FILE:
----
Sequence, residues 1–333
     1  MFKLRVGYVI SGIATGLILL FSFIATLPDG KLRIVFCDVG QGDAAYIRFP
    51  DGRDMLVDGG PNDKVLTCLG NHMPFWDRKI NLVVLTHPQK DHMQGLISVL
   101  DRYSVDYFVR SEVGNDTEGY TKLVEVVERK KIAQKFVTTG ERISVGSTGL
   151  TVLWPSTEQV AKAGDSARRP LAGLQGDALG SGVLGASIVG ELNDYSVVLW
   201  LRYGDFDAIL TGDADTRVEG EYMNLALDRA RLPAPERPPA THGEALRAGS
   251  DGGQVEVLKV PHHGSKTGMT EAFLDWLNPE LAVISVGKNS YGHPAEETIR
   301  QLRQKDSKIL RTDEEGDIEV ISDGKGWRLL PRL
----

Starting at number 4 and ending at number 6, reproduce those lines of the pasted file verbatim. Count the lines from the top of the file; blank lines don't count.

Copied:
   101  DRYSVDYFVR SEVGNDTEGY TKLVEVVERK KIAQKFVTTG ERISVGSTGL
   151  TVLWPSTEQV AKAGDSARRP LAGLQGDALG SGVLGASIVG ELNDYSVVLW
   201  LRYGDFDAIL TGDADTRVEG EYMNLALDRA RLPAPERPPA THGEALRAGS